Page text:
Bopper Comes Back to GW

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Lawrence Deyton asks that you call him by his nickname, Bopper. After all, it’s what his family, friends, and colleagues have always called him. “I didn’t even know about the name Lawrence until I got to junior high school,” insists Deyton. “My mother and older sister sat me down and told me that Bopper was a nickname given to me as an infant and the name just stuck.” Whatever you call him, returning to the George Washington University (GW) is returning home for Lawrence “Bopper” Deyton, M.D. ’85, who has joined GW’s School of Medicine and Health Sciences (SMHS) faculty as a clinical professor of medicine. He will also serve as a professor of health policy at the GW School of Public Health and Health Services.


Lawrence “Bopper” Deyton, M.D. ’85
Lawrence “Bopper” Deyton, M.D. ’85, has joined the GW SMHS faculty as a clinical professor of medicine, and will serve as a professor of health policy at the GW School of Public Health
and Health Services.

Driven by his passion for a healthier United States, Deyton brings to the university more than 30 years of experience in federal public health, health policy, health system administration, and clinical research. Deyton held leadership positions at the National Institute of Allergy and Infectious Diseases at the National Institutes of Health for 11 years, and served as the chief public health and environmental hazards officer for the U.S. Department of Veterans Affairs’ Veterans Health Administration. And in the 1970s he co-founded the Whitman-Walker Clinic in Washington, D.C.

More recently, as the first director of the Center for Tobacco Products at the U.S. Food and Drug Administration (FDA), Deyton led the creation of the science, regulatory, and enforcement foundation for implementing the Family Smoking Prevention and Tobacco Control Act. The act was signed into law by President Barack Obama on June 22, 2009, becoming one of the president’s first major public health accomplishments. Deyton led the implementation of rules and regulations that prohibited marketing tobacco products to children and adolescents; prohibited the manufacture and sale of cigarettes with fruit or candy flavors; banned the use of misleading descriptors (“light,” “low,” or “mild”); enacted requirements for disclosure of tobacco product ingredients to the FDA, and set the scientific standards for the introduction of new or modified-risk tobacco products.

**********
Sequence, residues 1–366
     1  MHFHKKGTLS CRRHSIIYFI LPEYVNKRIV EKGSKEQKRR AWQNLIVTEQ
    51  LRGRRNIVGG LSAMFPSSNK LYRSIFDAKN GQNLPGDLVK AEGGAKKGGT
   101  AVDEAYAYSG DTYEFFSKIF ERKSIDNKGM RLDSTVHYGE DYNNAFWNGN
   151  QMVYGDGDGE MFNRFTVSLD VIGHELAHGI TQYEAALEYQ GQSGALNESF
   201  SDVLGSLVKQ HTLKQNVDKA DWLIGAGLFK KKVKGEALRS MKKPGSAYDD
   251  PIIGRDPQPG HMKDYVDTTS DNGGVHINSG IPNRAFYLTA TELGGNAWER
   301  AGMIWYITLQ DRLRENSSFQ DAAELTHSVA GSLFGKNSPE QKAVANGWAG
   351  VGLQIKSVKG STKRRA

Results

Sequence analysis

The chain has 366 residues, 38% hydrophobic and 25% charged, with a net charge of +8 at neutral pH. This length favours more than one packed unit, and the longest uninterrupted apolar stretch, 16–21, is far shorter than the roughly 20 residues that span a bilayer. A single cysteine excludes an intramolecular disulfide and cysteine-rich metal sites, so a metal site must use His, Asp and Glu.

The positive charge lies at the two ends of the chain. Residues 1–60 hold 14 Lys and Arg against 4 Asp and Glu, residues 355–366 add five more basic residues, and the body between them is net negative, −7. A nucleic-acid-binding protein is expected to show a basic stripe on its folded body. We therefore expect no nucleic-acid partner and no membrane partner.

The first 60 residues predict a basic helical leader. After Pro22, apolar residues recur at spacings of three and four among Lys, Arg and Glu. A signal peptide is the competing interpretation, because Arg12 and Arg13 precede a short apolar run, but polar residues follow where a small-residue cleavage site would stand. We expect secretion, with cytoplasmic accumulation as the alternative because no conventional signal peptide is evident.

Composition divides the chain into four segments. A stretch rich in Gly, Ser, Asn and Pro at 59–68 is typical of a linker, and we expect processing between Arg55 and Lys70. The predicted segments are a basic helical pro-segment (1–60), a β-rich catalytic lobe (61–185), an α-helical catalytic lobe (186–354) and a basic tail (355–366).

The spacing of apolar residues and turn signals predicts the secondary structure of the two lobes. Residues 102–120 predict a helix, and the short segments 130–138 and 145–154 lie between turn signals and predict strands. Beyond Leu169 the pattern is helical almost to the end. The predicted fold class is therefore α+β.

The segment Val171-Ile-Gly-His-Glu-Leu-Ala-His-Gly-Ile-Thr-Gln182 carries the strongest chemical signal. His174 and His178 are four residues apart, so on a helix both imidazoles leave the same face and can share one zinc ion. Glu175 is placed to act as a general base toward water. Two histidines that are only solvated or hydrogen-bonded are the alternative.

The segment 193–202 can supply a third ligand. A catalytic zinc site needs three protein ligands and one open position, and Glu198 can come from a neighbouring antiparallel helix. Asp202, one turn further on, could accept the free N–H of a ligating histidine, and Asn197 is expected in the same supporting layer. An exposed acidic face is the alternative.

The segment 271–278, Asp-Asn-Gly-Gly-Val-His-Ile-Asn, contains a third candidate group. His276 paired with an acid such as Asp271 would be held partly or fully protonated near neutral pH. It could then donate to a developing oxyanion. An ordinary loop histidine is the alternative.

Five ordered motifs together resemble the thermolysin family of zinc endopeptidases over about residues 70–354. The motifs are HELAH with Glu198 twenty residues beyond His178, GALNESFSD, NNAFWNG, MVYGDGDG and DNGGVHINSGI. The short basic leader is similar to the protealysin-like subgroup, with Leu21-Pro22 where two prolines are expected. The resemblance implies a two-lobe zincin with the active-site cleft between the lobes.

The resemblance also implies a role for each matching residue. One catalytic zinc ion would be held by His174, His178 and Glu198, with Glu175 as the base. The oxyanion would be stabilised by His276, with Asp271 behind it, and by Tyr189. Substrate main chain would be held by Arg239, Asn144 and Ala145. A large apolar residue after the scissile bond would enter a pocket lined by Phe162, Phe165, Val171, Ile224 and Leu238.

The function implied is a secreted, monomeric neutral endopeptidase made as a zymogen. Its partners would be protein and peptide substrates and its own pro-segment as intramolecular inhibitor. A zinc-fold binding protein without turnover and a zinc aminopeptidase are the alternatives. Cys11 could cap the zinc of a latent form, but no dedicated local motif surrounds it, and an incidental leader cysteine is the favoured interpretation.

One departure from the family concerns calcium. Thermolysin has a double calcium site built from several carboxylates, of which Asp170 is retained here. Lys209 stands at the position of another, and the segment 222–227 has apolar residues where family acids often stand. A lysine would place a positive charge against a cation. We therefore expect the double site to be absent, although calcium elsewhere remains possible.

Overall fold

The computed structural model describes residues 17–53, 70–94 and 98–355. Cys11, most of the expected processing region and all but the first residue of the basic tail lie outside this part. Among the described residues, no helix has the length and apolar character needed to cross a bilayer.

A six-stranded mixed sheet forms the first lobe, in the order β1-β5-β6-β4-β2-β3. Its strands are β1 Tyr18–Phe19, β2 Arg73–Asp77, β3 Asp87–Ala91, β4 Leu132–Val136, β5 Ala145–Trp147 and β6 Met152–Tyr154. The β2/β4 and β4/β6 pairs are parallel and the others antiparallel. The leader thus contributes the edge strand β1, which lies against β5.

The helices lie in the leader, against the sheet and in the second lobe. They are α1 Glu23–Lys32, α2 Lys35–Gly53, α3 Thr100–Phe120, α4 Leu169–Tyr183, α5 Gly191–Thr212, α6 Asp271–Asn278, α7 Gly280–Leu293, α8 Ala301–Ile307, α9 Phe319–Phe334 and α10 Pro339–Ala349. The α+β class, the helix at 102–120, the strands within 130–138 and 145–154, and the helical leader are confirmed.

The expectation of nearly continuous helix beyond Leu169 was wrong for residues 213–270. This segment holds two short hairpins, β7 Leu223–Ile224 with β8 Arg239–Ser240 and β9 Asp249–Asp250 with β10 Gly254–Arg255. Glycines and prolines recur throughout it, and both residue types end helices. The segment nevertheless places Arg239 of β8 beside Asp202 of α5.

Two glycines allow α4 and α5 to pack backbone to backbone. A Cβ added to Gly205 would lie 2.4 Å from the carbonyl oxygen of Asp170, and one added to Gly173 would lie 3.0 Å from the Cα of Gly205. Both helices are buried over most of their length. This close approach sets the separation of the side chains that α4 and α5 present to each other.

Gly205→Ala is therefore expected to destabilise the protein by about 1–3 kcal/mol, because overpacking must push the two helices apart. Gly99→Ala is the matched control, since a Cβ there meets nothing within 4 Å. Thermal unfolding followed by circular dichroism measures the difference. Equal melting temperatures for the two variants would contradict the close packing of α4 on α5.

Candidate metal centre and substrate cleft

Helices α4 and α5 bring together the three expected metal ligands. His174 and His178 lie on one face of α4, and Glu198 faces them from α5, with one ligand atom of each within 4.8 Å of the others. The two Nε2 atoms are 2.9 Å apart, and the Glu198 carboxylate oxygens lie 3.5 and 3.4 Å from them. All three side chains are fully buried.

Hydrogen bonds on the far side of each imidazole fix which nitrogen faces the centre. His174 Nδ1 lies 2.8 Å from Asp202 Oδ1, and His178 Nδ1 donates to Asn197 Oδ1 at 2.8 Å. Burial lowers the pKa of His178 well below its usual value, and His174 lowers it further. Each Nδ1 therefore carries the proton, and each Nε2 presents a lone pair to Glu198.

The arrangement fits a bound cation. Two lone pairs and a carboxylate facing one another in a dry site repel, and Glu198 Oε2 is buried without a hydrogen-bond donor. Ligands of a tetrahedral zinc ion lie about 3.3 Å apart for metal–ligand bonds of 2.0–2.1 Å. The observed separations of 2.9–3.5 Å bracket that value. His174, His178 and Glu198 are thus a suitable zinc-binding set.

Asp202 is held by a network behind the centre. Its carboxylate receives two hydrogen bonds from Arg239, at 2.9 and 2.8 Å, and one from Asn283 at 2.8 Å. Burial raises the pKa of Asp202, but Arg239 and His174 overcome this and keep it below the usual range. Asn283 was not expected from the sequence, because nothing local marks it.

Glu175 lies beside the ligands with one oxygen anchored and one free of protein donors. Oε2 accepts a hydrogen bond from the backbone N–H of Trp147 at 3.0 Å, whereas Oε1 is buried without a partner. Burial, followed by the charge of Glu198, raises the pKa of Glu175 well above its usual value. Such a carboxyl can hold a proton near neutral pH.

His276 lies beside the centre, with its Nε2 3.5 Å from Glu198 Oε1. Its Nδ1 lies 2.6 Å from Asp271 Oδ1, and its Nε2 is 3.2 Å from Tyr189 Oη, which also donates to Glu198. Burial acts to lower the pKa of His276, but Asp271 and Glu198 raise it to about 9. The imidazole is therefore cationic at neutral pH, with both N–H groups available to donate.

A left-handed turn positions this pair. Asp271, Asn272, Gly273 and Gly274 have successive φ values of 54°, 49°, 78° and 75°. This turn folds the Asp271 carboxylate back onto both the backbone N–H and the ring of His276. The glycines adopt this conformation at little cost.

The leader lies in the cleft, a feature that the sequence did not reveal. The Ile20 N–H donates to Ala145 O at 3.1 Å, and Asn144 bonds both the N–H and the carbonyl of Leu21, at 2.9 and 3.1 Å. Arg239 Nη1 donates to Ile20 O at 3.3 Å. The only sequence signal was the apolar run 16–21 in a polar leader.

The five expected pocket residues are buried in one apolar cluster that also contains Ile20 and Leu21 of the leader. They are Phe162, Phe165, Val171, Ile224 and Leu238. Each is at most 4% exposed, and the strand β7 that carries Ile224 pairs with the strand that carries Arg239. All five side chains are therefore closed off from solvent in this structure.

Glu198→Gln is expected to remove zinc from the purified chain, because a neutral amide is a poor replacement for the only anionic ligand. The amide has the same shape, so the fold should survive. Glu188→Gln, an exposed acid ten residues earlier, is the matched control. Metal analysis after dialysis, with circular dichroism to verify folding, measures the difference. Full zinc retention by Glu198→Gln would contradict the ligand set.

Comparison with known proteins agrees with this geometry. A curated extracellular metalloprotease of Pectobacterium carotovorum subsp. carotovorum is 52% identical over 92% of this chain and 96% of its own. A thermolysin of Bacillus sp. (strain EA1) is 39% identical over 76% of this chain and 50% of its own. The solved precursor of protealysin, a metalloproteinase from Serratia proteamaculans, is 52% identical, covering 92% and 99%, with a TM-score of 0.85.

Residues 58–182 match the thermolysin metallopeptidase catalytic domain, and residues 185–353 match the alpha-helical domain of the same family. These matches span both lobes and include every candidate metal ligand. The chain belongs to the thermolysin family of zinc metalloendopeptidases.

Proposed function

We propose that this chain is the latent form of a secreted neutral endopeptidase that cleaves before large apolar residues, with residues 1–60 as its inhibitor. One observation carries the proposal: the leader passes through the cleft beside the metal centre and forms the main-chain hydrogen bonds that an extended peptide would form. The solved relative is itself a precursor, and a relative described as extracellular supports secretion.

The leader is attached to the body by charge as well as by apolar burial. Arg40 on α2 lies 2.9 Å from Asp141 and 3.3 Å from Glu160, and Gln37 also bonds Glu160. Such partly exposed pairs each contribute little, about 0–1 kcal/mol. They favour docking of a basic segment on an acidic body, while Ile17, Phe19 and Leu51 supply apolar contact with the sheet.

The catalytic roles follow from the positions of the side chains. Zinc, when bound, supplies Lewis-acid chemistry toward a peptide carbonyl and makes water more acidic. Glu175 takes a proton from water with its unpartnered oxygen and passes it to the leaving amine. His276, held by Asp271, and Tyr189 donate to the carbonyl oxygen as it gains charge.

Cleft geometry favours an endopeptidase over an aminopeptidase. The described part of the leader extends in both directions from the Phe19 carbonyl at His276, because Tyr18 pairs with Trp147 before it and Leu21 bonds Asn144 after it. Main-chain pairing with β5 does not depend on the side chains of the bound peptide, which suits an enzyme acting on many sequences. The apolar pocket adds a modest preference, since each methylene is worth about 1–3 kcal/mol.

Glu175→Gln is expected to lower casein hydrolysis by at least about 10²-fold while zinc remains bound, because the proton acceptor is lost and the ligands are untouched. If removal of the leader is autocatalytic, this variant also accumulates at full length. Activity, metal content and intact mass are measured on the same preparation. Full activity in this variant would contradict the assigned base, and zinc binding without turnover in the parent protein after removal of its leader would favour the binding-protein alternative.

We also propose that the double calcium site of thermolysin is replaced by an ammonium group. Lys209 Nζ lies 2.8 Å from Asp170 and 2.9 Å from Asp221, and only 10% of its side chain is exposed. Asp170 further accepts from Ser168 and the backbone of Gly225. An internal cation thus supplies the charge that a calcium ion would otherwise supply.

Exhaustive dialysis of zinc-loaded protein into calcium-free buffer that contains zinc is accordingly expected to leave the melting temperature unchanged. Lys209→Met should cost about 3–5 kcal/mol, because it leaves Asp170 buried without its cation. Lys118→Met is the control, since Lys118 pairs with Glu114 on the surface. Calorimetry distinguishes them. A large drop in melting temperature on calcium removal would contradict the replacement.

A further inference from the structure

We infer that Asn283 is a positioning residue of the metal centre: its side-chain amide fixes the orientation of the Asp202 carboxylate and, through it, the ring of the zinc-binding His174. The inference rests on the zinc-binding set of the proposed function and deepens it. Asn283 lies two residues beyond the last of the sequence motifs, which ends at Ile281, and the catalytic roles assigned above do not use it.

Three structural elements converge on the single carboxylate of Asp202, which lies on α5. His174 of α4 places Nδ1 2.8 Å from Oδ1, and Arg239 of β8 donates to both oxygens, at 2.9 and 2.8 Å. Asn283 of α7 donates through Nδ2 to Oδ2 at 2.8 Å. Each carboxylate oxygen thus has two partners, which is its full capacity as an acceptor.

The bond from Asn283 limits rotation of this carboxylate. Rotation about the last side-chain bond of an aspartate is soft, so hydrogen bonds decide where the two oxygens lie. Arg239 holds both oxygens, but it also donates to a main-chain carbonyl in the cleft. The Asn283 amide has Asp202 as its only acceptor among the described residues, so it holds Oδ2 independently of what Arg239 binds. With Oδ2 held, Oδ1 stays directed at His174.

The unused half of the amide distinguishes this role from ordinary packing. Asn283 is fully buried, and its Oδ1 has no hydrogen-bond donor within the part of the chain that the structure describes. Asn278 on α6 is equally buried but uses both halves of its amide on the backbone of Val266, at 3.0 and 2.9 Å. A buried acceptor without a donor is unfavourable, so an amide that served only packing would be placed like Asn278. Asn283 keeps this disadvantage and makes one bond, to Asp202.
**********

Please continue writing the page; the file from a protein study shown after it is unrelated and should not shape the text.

Being back at GW, Deyton is most excited about engaging with students, trainees, and faculty. “I want to help mold medical students into highly trained clinicians who can also be leaders in health policy and public health,” says Deyton. Last summer, Jeffrey S. Akman, M.D. ’81, G.M.E. ’85, vice president for health affairs and dean of SMHS, asked Deyton to serve as the keynote speaker for the M.D. White Coat ceremony. Honored by Akman’s invitation, Deyton says the experience transformed him. “Walking up to that podium in Lisner Auditorium, the very place where I took my Hippocratic Oath, was an extremely powerful moment for me,” he recalls.

So much has changed at GW since those days when he was a medical student. The biggest difference, according to Deyton, is the university’s growth. “When I came to GW, where the GW Hospital is now was a parking lot and the space that was the GW Hospital is now Whole Foods,” recalls Deyton

There is no doubt that Deyton is excited to be back in the classroom. “Hopefully GW students can benefit from my experiences in medicine, public health, and health policy,” he said. “I want to encourage our trainees and faculty to take full advantage of GW’s status as ‘neighbor’ to the White House and the decision makers in the federal agencies,” said Deyton. “It is great to be back home.” 

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